1920 March 23

Passaic, NJ, Police Disrupt Reading of New Jersey Constitution


Passaic, New Jersey, police disrupted a textile union meeting on this day while leaders of the ACLU attempted to read the New Jersey State Constitution. ACLU leader Norman Thomas read the Constitution for about 15 minutes before the police arrived and was then ordered him to stop. When he did not, the police ordered the owner of the hall to turn out the lights. They then forced the crowd outside, where the Constitution reading continued by candlelight, to disperse. Textile worker union organizer Frank Laitovick read the state Constitution in Polish while an interpreter for the police department watched closely to ensure that he did not insert any “Red doctrines” into his reading.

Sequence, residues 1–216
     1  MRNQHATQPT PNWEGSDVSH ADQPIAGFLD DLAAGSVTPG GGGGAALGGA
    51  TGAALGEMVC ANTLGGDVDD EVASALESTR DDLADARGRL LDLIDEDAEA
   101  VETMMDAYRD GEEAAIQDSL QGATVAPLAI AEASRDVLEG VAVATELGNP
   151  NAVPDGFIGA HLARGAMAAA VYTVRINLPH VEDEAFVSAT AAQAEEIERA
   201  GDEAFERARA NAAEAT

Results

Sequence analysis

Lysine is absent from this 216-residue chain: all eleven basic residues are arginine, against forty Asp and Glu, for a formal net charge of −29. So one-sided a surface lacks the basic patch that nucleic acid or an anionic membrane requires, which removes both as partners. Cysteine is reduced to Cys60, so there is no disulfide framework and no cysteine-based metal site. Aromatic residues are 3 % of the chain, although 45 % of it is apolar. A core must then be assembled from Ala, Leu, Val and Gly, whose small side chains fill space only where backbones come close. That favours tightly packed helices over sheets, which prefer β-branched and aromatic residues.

The incident was one of several in the early years of the ACLU, when its leaders were harassed for attempting to read the U.S. Constitution, the Bill of Rights, or a state constitution to dramatize the denial of free speech. On October 12, 1920 the police in Mt. Vernon, New York, arrested an ACLU leader for attempting to read the U.S. Constitution. And on March 17, 1923 the police n Waterbury, Connecticut, blocked the reading of the Connecticut state constitution by ACLU activists. The police arrested the noted author Upton Sinclair in San Pedro, California, on May 15, 1923 when he attempted to read the Bill of Rights in support of a labor strike.

Learn more about the ACLU in the 1920s: Samuel Walker, In Defense of American Liberties: A History of the ACLU (1990)

Read the ACLU’s first Annual Report, for 1920–1921: http://babel.hathitrust.org/cgi/pt?id=mdp.39015039808129;view=1up;seq=5

Learn about the ACLU today: https://www.aclu.org/

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